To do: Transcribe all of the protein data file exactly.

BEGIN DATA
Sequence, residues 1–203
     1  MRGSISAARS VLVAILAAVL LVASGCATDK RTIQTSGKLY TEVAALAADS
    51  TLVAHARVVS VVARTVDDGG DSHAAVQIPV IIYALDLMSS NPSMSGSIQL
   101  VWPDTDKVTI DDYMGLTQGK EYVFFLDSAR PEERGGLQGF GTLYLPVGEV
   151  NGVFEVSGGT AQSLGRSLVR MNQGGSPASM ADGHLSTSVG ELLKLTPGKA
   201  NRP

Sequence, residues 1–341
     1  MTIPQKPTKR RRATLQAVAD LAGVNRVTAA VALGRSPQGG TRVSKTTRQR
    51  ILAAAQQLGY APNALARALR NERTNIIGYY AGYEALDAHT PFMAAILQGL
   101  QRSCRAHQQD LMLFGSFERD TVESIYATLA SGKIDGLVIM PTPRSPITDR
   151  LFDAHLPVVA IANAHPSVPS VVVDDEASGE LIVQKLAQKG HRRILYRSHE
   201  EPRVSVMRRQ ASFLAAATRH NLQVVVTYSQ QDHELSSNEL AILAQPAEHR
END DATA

Sequence, residues 1–203
     1  MRGSISAARS VLVAILAAVL LVASGCATDK RTIQTSGKLY TEVAALAADS
    51  TLVAHARVVS VVARTVDDGG DSHAAVQIPV IIYALDLMSS NPSMSGSIQL
   101  VWPDTDKVTI DDYMGLTQGK EYVFFLDSAR PEERGGLQGF GTLYLPVGEV
   151  NGVFEVSGGT AQSLGRSLVR MNQGGSPASM ADGHLSTSVG ELLKLTPGKA
   201  NRP

Sequence, residues 1–341
     1  MTIPQKPTKR RRATLQAVAD LAGVNRVTAA VALGRSPQGG TRVSKTTRQR
    51  ILAAAQQLGY APNALARALR NERTNIIGYY AGYEALDAHT PFMAAILQGL
   101  QRSCRAHQQD LMLFGSFERD TVESIYATLA SGKIDGLVIM PTPRSPITDR
   151  LFDAHLPVVA IANAHPSVPS VVVDDEASGE LIVQKLAQKG HRRILYRSHE
   201  EPRVSVMRRQ ASFLAAATRH NLQVVVTYSQ QDHELSSNEL AILAQPAEHR